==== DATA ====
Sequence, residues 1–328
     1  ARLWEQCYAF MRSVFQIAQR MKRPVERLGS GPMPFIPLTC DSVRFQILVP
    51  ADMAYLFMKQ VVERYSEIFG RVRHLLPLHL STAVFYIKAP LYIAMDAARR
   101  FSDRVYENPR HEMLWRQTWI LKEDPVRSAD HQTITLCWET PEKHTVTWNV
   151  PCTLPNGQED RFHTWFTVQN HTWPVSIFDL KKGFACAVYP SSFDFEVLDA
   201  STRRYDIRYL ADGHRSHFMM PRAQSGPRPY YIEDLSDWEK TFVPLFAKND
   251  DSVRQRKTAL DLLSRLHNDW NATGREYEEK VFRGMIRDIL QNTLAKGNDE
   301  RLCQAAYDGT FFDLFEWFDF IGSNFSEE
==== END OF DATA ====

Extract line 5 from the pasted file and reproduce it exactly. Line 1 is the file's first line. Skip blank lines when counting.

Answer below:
   151  PCTLPNGQED RFHTWFTVQN HTWPVSIFDL KKGFACAVYP SSFDFEVLDA